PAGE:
BWW Review: CAMELOT at White Theatre

Now playing at the White Theatre inside the Jewish Community Center in Overland Park is their community theater production of Lerner and Loewe's 1960 classic "Camelot." Featuring a hidden away orchestra of twenty-three and a cast of seventeen, "Camelot" is always a challenging project.

BWW Review: CAMELOT at White Theatre

The White Theatre production of Camelot features some very representative voices and an enthusiastic supporting cast.

"Camelot" is one of the last of the "Oklahoma" style musical theater properties. It has nineteen scene changes in just short of three hours run-time. It was Lerner and Loewe's final stage collaboration although they did write a 1973 film adaption of "Gigi.BWW Review: CAMELOT at White Theatre

The King Arthur legend comes to life as told via musical theater from the longer, earlier novel "The Once And Future King" by T.H. White. Arthur is said to have been a Welsh ruler around the sixth century A.D. No one really knows if there was a King Arthur or a Camelot, but notions of knightly chivalry and might for right and equality for have proven so hypnotic that they have persisted over time and were even adopted for a time at 1600 Pennsylvania Avenue.

There are many tales surrounding Arthurian legend. Scholars have been searching for him and Camelot for a millennium and a half without definitive success. Arthur's queen, Guinevere, does not appear until five centuries after he was said to have lived. Arthur's friend and Guinevere's lover Lancelot does not surface in the written record until two centuries after Guinevere.

"Camelot," the musical was born in an era when scores were lyrical and individual tunes migrated quickly in the popular songbook. President John Kennedy is said to have enjoyed listening to the score before falling asleep. The title tune "Camelot," "How To Handle A Woman," "If Ever I Could Leave You," "What Do The Simple Folks Do," and "I Loved You In Silence" still remain standards.BWW Review: CAMELOT at White Theatre

This White Theatre community production of "Camelot" features Tyler Walker as Arthur, Betsy Bledsoe as Guinevere, Scott Fagan as Lancelot, and Steven Ansel James as Arthur's surprise son; the evil Mordred. The vocal standouts are the rich baritone of Scott Fagan and the strong soprano of Betsy Bledsoe. Choral blends are also excellent.

The number of scene changes required for "Camelot" makes it a challenge for scene designers and directors. These kinds of shows featured a number of scenes presented as runners. An intermediate curtain descended mid-stage and scenes was played in front of it while the main set was changed behind and continuity was maintained.

Design fashion has changed. Moving set pieces have been substituted for the runners. The audience is expected to accept a rotated scene element as an entirely new location. All this rotation and the addition and subtraction of furniture tends to make an already lengthy show seem even longer. "Camelot" in general and this production in particular are a little guilty of this fault.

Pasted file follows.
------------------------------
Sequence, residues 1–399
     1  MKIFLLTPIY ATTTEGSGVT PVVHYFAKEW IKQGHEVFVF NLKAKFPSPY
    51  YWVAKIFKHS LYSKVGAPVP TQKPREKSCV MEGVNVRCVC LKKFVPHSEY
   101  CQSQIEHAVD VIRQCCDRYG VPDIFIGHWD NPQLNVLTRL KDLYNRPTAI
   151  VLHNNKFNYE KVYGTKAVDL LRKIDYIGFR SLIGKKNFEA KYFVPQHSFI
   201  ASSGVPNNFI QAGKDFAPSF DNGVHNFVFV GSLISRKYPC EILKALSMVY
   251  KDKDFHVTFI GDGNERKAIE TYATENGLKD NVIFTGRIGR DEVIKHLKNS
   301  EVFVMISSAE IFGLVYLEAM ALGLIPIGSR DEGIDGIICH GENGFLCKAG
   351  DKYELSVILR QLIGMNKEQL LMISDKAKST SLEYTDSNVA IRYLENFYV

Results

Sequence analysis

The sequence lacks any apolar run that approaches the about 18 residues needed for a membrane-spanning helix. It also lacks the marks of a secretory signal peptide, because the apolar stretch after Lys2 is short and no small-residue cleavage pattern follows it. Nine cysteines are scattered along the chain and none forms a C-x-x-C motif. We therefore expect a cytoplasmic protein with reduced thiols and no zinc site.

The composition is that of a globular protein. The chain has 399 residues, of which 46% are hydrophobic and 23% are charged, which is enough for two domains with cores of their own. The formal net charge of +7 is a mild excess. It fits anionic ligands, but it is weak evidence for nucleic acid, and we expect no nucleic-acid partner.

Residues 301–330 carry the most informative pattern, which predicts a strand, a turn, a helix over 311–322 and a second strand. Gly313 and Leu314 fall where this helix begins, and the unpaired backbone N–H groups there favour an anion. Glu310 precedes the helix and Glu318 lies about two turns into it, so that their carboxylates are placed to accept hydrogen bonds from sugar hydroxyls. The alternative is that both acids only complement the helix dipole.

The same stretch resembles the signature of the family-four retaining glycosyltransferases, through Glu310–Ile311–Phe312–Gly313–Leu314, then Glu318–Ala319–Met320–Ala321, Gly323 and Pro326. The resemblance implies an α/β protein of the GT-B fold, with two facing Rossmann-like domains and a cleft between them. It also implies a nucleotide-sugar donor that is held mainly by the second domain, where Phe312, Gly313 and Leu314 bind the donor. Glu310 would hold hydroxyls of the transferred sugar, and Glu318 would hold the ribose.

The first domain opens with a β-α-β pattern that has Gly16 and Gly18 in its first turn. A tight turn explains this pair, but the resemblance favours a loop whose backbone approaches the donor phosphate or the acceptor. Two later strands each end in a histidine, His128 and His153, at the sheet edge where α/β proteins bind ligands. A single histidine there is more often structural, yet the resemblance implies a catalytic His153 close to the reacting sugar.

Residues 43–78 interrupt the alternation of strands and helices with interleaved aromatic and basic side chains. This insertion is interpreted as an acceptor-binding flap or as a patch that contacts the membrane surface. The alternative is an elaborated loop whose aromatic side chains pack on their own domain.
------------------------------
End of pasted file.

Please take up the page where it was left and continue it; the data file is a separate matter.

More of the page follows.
BWW Review: CAMELOT at White TheatreAudiences at the original tryout for "Camelot" in Toronto starring Richard Burton, Julie Andrews, Robert Goulet, and Roddy McDowell sat in their seats for four and one half hours. Through several serious illnesses on the part of the original director and one or more of the creators, the show was trimmed down to a bit less than three hours by the time it opened in New York. The score, the no-fault love triangle, and the great optimism of Arthur save the show.

In more modern parlance, design consciousness of stage geography, more permanent platforms stage left and right, stage pictures with triangles, eye contact between characters on multiple levels, more contained gestures, and downstage crosses with pivots timed to specific places in dialog and songs would take a respectable production and make it a great production.

White Theatre is one of the most outstanding proscenium facilities in the metro area. Although the proscenium is perhaps a little narrow, nice wings, a more than adequate stagehouse, ample beam light positions, and five-hundred comfortable audience seats in a luxurious auditorium make the White Theatre a great place to see and produce a show.

Camelot continues at the White Theatre through November 18. Tickets are available at www.jkc.org or by telephone at 913-327-8054.

Photos courtesy of the White Theatre

Related Articles View More Kansas City Stories   Shows








From This Author Alan Portner

Before you go...

Like Us On Facebook
Follow Us On Twitter
Follow Us On Instagram
   



  SHARE